Issue 2110

“Freedom Scares Us”: Pope Francis’ conversation with Slovak Jesuits 

Bratislava, Sunday September 12, 2021, 5:30 p.m. – Pope Francis has just concluded a meeting in the Nunciature with representatives of the Ecumenical Council of Churches. There is time to arrange the chairs after the previous encounter, then 53 Slovak Jesuits take their places. Francis enters and greets them: “Good evening and welcome! Thank you for this visit. I didn’t know there were so many Jesuits here in Slovakia. The ‘plague’ is spreading everywhere.” The group bursts into laughter. Francis asks for questions because, he says, provoking laughter again, “I really do not feel like giving a talk to Jesuits.”...

By: Antonio Spadaro, SJ

The Mysticism of Ignatius of Loyola

A soldier saint or a mystic? Over the centuries since 1556, the year of his death, Ignatius has been interpreted through a variety of images. The leading image for most of this period was that of the soldier saint. This image drew partly on Ignatius’ family connection with the warlike minor aristocracy of the Basque country. Linked with this was his upbringing in the chivalric culture of the day that included training in the art of warfare. Then there was the siege of Pamplona and his exploits there. The image also drew on an erroneous interpretation of the Society of...

By: Brian O’Leary, SJ

Combatting Throwaway Culture

Introduction In the 2014 drama film The Good Lie, Jerry and Mike, two of the “lost boys of Sudan,” land a job at a grocery shop where they experience a culture shock as they watch basketfuls of food being tossed into the bin. “Isn’t there someone who might want or need this food?” Jerry quizzes his boss. One day, Jerry stops a homeless woman from dumpster-diving and gives her, instead, fresh food from the grocery, a gesture that irks the boss. Jerry quits the job, for he cannot understand how it is frowned  on to give food to those in...

By: Wilfred Sumani, SJ

Watteau’s Journeys Into the Impossible

The 300th anniversary of Antoine Watteau’s death (July 18, 1721) passed almost unnoticed. The world of this artist, with its comic actors and theatrical performers, is best revealed by his atelier. The image of this place, handed down to us by a contemporary, is in some ways shocking. The painter “rarely cleaned his palette and often went several days without replenishing it. The vase of grease oil, of which he made so much use, was full of dirt and dust and all the colors that came out of his brushes as he dipped them in.” This chaotic environment was the...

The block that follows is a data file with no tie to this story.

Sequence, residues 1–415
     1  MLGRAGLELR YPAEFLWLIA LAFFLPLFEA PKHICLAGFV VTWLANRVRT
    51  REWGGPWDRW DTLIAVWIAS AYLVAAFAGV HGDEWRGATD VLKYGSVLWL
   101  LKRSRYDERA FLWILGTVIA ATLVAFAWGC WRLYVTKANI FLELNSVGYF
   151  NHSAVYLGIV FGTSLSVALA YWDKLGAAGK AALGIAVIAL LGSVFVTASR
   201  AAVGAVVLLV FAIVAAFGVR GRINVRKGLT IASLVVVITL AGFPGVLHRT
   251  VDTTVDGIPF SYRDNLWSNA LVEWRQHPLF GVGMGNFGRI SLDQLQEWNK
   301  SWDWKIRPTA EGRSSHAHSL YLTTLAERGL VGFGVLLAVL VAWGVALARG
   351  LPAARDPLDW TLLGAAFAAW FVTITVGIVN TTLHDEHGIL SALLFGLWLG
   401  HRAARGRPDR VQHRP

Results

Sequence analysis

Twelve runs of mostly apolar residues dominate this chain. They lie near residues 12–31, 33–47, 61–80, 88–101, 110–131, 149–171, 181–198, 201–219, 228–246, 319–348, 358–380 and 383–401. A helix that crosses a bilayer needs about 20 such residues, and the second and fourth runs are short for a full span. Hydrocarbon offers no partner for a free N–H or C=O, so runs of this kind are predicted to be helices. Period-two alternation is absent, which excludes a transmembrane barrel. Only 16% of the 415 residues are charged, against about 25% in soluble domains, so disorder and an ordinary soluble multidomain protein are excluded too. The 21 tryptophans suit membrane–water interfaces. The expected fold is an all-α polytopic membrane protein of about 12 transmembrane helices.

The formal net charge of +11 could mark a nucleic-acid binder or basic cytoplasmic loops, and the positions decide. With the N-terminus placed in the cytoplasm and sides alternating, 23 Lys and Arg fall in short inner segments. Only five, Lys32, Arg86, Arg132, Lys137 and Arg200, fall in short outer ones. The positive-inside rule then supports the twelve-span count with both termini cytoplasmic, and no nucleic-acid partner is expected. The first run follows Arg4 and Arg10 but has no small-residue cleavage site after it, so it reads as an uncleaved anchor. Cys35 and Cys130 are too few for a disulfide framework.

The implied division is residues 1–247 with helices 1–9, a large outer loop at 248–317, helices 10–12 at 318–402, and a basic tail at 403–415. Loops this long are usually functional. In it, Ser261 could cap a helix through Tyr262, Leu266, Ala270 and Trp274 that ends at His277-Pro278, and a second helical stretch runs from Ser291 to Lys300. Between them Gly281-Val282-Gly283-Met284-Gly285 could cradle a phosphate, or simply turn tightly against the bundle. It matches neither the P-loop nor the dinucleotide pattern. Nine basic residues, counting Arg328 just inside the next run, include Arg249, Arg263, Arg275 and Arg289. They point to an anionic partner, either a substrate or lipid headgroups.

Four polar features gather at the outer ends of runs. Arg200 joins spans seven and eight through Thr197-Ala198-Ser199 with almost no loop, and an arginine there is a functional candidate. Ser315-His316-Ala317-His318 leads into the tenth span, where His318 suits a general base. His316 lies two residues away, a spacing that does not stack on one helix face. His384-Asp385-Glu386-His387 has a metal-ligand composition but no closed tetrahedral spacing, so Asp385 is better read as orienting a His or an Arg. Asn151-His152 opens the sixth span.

By: Lucian Lechintan, SJ

Law and Good Ecclesial Government: The Vademecum for cases of sexual abuse and the reform of canonical criminal law

In the early months of 2020 I wrote an article about the protection of minors and vulnerable persons in the light of regulations that had been promulgated after the Meeting of Bishops and Superiors General convened by Pope Francis in February 2019. At the time I highlighted that these were very important steps forward, but that in order to respond to expectations two further actions were still awaited: the publication of a “Vademecum” for bishops and superiors and the promulgation of the new Book VI of the Code of Canon Law, on the criminal law of the Church.[1] Now these...

By: Federico Lombardi, SJ

Thomas Aquinas on Justice

The historical background The ancients were well aware of the many aspects of justice. Reading their texts, one is struck by the great richness and complexity of their perspectives. The very root of the Greek word dikaiosynē (justice), dikē, refers to a multiplicity of operational meanings that concern, first of all, the relationship with God and the government of the self that are expressed in operational terms through directives, orders and dispositions. Dike was the mythological daughter of Jupiter and Themis, goddess of laws and courts. She was depicted with a sword and scales, the image by which justice is...

By: Giovanni Cucci, SJ

The “Axial Age” and the Invention of a Shared Future

Even today the notion of the “Axial Age” (Achsenzeit) is the subject of heated debate.[1] Should we consider it a myth or an actual historical reality? As a first step, we should approach the concept as a tool for analysis rather than as a historical reality firmly anchored in time (such as a dynasty or the Industrial Revolution, for example). Karl Jaspers introduced the expression Axial Age in the aftermath of the Second World War.[2] The context explained both the historical perspective adopted and the reservations that soon emerged regarding it. It was then a question of rethinking what the...

By: Benoit Vermander, SJ

Afghanistan and the Limits of American Power

Following the attacks of September 11, 2001, and the refusal of the Taliban to hand over Osama bin Laden, the United States of America invaded Afghanistan with the aim of putting an end to the Taliban regime and expelling al Qaeda from the territory. Within three months Kabul was conquered and a transition government, led by Hamid Karzai, was established. He then won the first presidential elections on October 9, 2004. Ashraf Ghani succeeded him. A considerable NATO contingent remained in the country and the operation “Resolute Support” was inaugurated, with the aim of forming a regular army able to...

By: Drew Christiansen SJ
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